But secondly, and most importantly, there’s the pasta. Pasta might have been a Chinese invention, exported by Marco Polo, but the Italians deserve the credit for perfecting this worldwide favorite. Cacio’s pasta only augments this tradition. The essential pasta is the very dish from which the restaurant takes its name – Cacio e Pepe. It’s deceptively uncomplicated mix of ingredients hides a myriad layering of flavors. The dish begins when a waiter brings the steaming pasta tableside in the hollow of a huge wheel of pecorino cheese. Expectation mounts as he scoops the cheesy spaghetti like noodles from the concavity, halved peppercorns, a touch of olive oil, and flakes of fresh Italian parsley the only other accoutrements to this pasta. Once the server plates the pasta, he then scrapes the partially melted sides of the pecorino wheel, topping the pasta with spoon after spoon of liquefying cheese crumbles. As Frank Bruni’s New York Times reviews remind us however, ornamentation means nothing if it lacks substance. Fortunately, the effort involved in preparing the Cacio e Pepe is outdone by the sublimity of its taste. Like a silk sleeve, the cheese coats the noodles. The sharpness of the pepper and robust saltiness of the oil makes the Cacio e Pepe truly extraordinary, the type of meal that redefined my opinion of pasta. In four visits to Cacio, I’ve had the Cacio e Pepe three times (it was not offered on the fixed New Years Eve menu) and if possible, it somehow gets better each time. The overcooked lamentations of pastas past are lost in the utopian smoothness of this dish.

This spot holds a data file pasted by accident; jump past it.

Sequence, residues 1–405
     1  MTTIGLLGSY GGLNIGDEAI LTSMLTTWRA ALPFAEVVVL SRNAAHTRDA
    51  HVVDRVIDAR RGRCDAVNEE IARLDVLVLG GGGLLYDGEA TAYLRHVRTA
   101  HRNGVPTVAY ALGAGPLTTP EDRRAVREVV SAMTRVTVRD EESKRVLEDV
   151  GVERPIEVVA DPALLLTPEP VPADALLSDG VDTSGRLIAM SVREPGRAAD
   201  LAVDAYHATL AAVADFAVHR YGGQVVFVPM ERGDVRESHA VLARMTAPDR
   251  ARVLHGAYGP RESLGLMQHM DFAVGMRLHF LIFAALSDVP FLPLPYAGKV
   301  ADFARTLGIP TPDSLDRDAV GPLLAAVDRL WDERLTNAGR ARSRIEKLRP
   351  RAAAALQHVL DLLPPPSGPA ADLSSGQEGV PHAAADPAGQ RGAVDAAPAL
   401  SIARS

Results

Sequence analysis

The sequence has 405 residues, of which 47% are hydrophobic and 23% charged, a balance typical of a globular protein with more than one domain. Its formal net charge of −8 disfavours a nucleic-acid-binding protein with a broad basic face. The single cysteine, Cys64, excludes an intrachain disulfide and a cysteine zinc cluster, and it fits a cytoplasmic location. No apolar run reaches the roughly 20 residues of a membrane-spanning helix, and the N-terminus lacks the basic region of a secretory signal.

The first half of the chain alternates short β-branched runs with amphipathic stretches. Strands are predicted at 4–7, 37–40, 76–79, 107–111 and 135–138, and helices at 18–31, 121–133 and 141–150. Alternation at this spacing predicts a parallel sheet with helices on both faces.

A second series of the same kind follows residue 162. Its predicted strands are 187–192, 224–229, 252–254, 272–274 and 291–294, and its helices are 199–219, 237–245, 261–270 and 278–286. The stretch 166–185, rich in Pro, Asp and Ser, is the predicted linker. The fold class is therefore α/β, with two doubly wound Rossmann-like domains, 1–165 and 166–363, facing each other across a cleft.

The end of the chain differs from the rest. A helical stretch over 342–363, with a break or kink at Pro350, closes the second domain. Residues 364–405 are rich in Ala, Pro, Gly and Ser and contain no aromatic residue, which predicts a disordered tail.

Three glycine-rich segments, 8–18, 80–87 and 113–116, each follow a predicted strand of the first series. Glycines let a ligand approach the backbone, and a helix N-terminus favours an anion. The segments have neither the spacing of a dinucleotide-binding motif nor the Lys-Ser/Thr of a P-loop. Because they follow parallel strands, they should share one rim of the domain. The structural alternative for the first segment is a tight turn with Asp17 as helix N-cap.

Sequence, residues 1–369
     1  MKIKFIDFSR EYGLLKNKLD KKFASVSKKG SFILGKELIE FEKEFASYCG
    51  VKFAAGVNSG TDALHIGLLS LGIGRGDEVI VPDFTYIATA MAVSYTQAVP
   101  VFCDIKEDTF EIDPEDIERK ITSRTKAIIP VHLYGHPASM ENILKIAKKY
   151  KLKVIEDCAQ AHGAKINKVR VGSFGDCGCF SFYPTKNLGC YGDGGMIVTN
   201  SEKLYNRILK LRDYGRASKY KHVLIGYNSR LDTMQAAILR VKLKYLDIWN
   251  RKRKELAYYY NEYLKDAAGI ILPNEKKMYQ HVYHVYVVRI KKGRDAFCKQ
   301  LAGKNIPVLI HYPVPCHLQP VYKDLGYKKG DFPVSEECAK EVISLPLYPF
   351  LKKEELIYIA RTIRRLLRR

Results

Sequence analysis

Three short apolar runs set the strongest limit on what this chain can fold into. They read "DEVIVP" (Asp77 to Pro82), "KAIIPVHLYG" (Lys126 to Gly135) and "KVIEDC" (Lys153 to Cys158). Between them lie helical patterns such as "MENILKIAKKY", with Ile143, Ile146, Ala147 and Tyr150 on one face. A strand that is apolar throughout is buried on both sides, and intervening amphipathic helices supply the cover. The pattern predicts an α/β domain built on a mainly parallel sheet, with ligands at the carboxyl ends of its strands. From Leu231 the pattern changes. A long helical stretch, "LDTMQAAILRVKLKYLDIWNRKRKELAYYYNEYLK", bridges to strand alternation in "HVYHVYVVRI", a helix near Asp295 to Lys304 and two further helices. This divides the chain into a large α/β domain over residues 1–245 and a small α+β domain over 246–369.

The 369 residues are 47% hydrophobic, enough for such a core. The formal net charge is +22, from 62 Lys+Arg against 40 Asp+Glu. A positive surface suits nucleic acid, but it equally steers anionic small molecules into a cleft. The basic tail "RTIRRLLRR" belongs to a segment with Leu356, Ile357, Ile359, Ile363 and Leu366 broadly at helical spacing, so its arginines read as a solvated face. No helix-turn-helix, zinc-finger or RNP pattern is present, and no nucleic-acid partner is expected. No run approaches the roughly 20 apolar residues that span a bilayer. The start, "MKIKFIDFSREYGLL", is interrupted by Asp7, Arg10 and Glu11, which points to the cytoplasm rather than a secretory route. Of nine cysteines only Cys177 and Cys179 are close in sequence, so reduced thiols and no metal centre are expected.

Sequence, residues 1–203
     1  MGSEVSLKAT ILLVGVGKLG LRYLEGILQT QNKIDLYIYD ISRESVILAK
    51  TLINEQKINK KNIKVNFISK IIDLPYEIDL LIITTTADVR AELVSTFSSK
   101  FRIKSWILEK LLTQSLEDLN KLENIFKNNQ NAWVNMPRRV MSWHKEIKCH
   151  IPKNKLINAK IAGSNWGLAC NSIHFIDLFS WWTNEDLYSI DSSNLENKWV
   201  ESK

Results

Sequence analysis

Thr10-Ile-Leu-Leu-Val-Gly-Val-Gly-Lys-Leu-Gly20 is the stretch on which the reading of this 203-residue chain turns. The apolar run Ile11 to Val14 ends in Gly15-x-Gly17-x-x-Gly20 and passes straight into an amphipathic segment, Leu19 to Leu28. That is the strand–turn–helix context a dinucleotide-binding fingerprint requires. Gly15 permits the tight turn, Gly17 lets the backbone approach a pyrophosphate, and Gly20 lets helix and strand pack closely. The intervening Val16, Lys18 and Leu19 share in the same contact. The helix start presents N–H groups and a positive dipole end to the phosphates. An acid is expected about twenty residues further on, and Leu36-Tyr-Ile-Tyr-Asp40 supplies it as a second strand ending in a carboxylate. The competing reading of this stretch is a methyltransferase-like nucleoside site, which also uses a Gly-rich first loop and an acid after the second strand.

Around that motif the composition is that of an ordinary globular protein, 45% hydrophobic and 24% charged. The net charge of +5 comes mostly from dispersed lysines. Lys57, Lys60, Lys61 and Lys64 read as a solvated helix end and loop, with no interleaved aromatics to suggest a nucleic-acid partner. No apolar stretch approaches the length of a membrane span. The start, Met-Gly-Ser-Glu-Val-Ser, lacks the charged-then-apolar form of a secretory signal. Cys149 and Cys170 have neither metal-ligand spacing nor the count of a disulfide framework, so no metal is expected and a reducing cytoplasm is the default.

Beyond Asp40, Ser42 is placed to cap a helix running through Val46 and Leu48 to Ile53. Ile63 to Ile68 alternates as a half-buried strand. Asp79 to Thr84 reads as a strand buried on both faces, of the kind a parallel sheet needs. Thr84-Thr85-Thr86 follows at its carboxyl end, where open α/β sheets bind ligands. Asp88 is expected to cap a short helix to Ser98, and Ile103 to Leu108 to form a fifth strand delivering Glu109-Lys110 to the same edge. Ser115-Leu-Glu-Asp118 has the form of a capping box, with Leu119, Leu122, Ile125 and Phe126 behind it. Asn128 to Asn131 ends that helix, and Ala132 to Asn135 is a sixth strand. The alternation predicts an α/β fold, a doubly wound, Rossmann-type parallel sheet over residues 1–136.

But unlike Giuseppe di Lampedusa, author of The Leopard, Cacio e Pepe’s pasta menu is able to produce more than one great hit. The gnocchi, flavored with the same stinging nettles used to treat medical ailments ranging from insect bites to inflamed joints, team with rosemary to create an absolutely astonishing version of this potato based course. My friend Will, having made gnocchi countless times with his mother, was still taken back at the softness Cacio’s gnocchi achieved. The buffalo mozzarella and fresh tomatoes that garnish the gnocchi contribute a caprese feel to the dish which fits sublimely. The manager informed us that the nettles boil for hours until they reach a stage where they go from obnoxious skin irritants to delicious gnocchi infusion. However long they take, it’s worth it. Again, Cacio uses only a few ingredients to create a magnitude of taste.